Some works that Adriana painted in classes adorn her dental clinic.
The young dentist feels very grateful to Father Ángel and Sister Margarita for having opened the doors of the Center to the community, and said, “I certainly do not know a person who has been in the Center who can say that his or her life did not change for good.”
Resilience in the Face of Crisis
Young woman decorating a cake.
Dance students with their mothers in a session of Biodanza.
Given the political violence unleashed in April 2018, the Center set out to care for children, adolescents, young people and women affected by the ongoing socio-political crisis.
Why does the Center focus its attention on these target populations? On the one hand, children are the most vulnerable of the groups and are affected in many ways by the devastation that accompanies violence. On the other hand, young Nicaraguans have been the main protagonists and the main victims of the government violence. The murdered, imprisoned and exiled have been mostly young students, which has caused the disintegration of the social and family structure in Nicaraguan homes.
For this reason, the Center has carried out a wide range of activities to respond to the specific needs of our target groups. During the crisis, our target groups demanded psychological attention, recreational activities and short-term courses to acquire vocational skills that would allow them to insert themselves quickly into the working world and confront unemployment and the economic crisis.
To give an effective response to the demands of the community, all areas and programs of the Center joined forces to work together to face the crisis. The conflict has given the Center an opportunity to exchange experiences and points of view and to reflect on the current challenges and explore the advantages of working together, to achieve greater cohesion as a team to serve the community.
A Call to Action: How You Can Help
In this time of crisis and extraordinary need, we are asking for your help, in order to keep the doors of the Center open to our students and to people in crisis in the community. Please consider making a donation today in the enclosed reply envelope. Our students need your prayers and support more than ever. Thank you!
Friends of Batahola is a registered 501(c)(3) not-for-profit organization. 97% of all donations go directly to the work of the Center.
Welcome Anielka Sáenz López!
Psychologist Anielka Sáenz
In March, the Center welcomed the new Integrity area psychologist - facilitator, Anielka Sáenz, for the second time. In 2010, Anielka was part of the Integrity team in the project: “Law, Affectivity, Equity and Respect for the Gender Based Violence Prevention” in the Jorge Dimitrov neighborhood, in Managua. When the project ended she developed workshops with the teachers at the Center on gender and human rights and how the teachers can apply these concepts to the classroom and their daily life.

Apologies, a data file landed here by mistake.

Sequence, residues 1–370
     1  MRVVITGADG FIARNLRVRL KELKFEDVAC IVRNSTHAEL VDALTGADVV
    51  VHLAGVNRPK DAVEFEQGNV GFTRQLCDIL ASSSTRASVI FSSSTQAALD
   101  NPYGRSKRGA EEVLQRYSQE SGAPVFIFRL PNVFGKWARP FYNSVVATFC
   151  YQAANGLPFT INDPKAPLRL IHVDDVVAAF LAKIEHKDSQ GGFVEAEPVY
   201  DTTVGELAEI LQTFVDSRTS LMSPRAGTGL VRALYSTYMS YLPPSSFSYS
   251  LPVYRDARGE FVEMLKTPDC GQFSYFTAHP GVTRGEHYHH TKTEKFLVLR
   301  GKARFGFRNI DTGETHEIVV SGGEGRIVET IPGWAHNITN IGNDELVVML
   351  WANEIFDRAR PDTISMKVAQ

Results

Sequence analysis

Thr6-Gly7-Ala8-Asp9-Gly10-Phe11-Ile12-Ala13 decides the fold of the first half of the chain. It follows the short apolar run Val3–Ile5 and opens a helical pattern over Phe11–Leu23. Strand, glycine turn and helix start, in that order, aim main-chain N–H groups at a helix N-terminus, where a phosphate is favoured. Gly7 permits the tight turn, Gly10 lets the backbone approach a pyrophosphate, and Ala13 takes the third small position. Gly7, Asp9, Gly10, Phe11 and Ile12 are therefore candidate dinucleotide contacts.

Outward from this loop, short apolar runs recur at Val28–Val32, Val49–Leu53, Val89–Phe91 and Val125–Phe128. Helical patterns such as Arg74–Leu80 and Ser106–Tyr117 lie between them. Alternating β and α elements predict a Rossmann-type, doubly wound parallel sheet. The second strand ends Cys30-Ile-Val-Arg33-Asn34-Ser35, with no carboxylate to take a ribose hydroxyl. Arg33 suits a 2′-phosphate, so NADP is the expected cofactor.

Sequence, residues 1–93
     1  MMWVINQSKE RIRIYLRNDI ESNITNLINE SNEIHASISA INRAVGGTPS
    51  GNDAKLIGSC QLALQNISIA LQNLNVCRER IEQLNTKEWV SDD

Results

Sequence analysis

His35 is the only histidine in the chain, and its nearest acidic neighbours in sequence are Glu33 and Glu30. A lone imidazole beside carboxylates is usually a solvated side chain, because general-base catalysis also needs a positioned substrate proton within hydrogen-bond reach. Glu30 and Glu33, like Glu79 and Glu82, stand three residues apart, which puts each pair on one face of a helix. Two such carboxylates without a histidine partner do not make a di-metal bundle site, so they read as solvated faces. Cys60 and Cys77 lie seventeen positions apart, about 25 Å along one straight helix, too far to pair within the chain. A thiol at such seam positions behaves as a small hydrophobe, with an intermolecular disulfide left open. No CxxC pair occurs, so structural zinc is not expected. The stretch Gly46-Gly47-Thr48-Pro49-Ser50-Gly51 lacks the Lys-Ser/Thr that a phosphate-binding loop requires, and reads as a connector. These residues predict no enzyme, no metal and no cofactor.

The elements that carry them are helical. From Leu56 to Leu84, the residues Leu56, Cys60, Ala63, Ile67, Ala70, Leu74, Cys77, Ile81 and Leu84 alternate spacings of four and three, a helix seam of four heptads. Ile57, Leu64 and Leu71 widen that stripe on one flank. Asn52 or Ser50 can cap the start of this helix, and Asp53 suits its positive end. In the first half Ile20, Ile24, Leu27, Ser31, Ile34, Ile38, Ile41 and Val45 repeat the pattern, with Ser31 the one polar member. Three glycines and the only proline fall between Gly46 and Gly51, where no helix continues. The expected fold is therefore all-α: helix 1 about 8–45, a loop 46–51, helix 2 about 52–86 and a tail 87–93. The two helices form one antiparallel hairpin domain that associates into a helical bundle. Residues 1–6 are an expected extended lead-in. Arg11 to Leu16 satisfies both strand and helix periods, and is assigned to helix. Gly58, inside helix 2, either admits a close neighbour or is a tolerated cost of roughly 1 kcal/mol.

Anielka never left the Center, and now that she is permanent staff she says that she has a lot to contribute and she wants to continue working with the Center’s target groups. Anielka told us that: “The Center is a place where you can acquire technical skills in an environment that offers safety & well-being; it is a space where you can achieve personal development through recognizing your rights and recognizing that as women we have a space and we can take up that space with our own resources.”
The current context of work with target groups in Nicaragua is a challenge due to the constant violations of human rights, but Anielka is sure that the respect and defense of those rights is fundamental, especially, “recognizing that children are also subjects of rights and as adults we must respect and protect them.”
Online Extras: The Center Has a New Roof!
Workers changing the CCBN roof.
Thank God and the Ruckstuhl Foundation for making it possible to replace the roof at the Center. Now teachers can teach courses and work from their offices safely throughout the entire year.
Every year during the rainy season, the water had seeped in from the roof because it was damaged. Students had to be moved to areas where they did not get wet or classes were suspended. Now, thanks to the Ruckstuhl Foundation, students will be taking classes under a new and safe roof.
Online Extras: Ash Wednesday at the Center
Community of Batahola in Ash Wednesday Mass.
Lent is a time of reflections and repentance. The marking of ash on the forehead on Ash Wednesday means to enter this period of reflection and to seek the mercy of God, especially now in asking God to bring peace, justice and love back to Nicaragua.
On Ash Wednesday, many from the Batahola Norte neighborhood and nearby neighborhoods attended Mass in the New Dawn chapel at the Center and received ashes in the sign of the cross, beginning their Lenten journeys of repentance and sorrow for sins.
Online Extras: Mark and Kelsey Overley Visit the Cultural Center
Mark, Kelsey & Professor Michael Quezada (on his knees) enjoying the Cultural Presentation prepared by English students
On March 20, 2019, Friends of Batahola (FOB), Mark and Kelsey Overley, visited the Center. During their week-long visit they bonded closely with students and heard testimonies of how the Center has changed their lives.
Mark and Kelsey also shared laughter, dancing and tears with the staff. Everyone at the Center deeply appreciates their love and commitment to the Center, especially during these difficult times.
Mark is past president of FOB and a current board member. Kelsey is a former volunteer at the Center.